Gov. Bryant quietly in talks about a Medicaid expansion plan for Mississippi

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Rogelio V. Solis, Associated PressGov. Phil Bryant at the Mississippi Summit on Criminal Justice Reform in Jackson, Miss., Tuesday, Dec. 11, 2018. 
Despite longtime public opposition to the Affordable Care Act, Gov. Phil Bryant has quietly been working in recent months to bring one of the law’s central tenets, Medicaid expansion, to Mississippi, sources in the state’s health care industry tell Mississippi Today.
The efforts come amid a federal judge’s decision Friday to strike down the entire health care law; Bryant is one of 20 plaintiffs who sued the federal government, claiming the Affordable Care Act is unconstitutional. That ruling is expected to be appealed.
Over the last month, Bryant and senior aides in his office have spoken to health care industry executives about the details of a limited form of Medicaid expansion, similar to the 2015 plan then-Gov. Mike Pence oversaw in Indiana, according to multiple sources who have directly spoken to either the governor or his staff.
Expanding Medicaid would represent an about-face for Bryant, a tea-party Republican who has twice sued the federal government over aspects of the Affordable Care Act. In 2012, his first year as governor, Bryant wrote that he would “continue to resist the expansion of Medicaid and other aspects of the ACA that will have a negative impact on our State economy or its people.”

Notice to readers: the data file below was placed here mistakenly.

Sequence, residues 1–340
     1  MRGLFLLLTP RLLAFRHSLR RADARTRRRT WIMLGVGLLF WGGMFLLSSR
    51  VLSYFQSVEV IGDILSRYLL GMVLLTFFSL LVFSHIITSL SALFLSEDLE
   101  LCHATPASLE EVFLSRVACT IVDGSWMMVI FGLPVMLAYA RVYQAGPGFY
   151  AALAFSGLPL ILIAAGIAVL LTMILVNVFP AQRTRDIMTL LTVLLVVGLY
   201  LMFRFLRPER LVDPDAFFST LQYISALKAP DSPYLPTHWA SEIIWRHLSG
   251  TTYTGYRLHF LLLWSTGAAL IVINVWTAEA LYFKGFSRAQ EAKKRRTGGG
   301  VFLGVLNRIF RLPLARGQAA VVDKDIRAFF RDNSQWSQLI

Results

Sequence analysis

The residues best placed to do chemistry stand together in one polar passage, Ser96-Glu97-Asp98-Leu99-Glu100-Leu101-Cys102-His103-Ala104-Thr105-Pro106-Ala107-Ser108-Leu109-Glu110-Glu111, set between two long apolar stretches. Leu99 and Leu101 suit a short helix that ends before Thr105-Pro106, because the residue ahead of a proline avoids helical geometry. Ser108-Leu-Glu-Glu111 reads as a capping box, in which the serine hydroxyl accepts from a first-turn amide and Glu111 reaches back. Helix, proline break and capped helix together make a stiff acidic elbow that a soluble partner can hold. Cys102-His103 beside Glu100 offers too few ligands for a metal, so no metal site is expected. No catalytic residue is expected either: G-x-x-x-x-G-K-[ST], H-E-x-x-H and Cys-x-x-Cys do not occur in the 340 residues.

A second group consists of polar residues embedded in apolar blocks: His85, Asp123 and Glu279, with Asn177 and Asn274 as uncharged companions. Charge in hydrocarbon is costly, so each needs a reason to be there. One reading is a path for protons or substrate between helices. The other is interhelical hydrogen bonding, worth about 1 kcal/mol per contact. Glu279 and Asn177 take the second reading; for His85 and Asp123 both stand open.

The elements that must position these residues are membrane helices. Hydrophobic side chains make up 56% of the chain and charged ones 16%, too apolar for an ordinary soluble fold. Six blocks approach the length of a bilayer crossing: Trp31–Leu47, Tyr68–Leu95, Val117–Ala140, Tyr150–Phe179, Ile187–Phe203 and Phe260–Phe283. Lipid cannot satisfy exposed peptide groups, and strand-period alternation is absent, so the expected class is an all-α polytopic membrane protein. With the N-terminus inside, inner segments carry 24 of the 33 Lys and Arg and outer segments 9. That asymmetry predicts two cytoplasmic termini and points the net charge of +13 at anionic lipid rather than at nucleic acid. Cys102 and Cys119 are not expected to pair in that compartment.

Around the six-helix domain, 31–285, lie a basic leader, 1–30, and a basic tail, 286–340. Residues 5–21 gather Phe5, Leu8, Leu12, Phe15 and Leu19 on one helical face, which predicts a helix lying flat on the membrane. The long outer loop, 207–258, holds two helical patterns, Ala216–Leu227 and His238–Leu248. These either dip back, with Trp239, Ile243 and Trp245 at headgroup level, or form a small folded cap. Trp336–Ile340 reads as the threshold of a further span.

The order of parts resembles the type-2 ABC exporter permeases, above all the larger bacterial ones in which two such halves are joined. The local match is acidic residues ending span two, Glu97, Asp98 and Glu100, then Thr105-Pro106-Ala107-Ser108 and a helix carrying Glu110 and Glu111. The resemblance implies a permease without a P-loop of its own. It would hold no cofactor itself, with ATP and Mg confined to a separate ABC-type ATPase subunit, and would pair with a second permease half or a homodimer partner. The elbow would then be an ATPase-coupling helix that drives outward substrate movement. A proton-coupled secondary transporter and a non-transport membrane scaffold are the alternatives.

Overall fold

Contacted Wednesday, Bryant’s office downplayed his role in pursuing an expansion, saying the state’s powerful hospital lobby is spearheading the push.
“The Mississippi Hospital Association approaches the Office of the Governor each year with a new plan to expand Medicaid. We don’t expect this to be a part of our legislative agenda,” said Knox Graham, director of communications for the governor, in an email.
The Mississippi Hospital Association declined to speak to Mississippi Today for this story. When asked for further clarification, Graham said in an